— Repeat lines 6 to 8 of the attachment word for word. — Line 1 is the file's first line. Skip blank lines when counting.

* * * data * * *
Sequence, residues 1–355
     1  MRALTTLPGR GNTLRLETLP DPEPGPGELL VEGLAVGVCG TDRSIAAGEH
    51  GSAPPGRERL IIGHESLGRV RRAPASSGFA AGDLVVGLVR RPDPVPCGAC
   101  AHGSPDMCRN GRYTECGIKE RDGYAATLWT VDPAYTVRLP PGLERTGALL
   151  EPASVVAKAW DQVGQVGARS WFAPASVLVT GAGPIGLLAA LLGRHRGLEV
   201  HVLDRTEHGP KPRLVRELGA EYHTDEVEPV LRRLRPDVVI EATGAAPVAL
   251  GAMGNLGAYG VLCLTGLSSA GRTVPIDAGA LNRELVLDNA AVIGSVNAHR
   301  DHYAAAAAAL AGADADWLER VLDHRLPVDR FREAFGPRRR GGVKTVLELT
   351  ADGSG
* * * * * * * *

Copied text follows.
   201  HVLDRTEHGP KPRLVRELGA EYHTDEVEPV LRRLRPDVVI EATGAAPVAL
   251  GAMGNLGAYG VLCLTGLSSA GRTVPIDAGA LNRELVLDNA AVIGSVNAHR
   301  DHYAAAAAAL AGADADWLER VLDHRLPVDR FREAFGPRRR GGVKTVLELT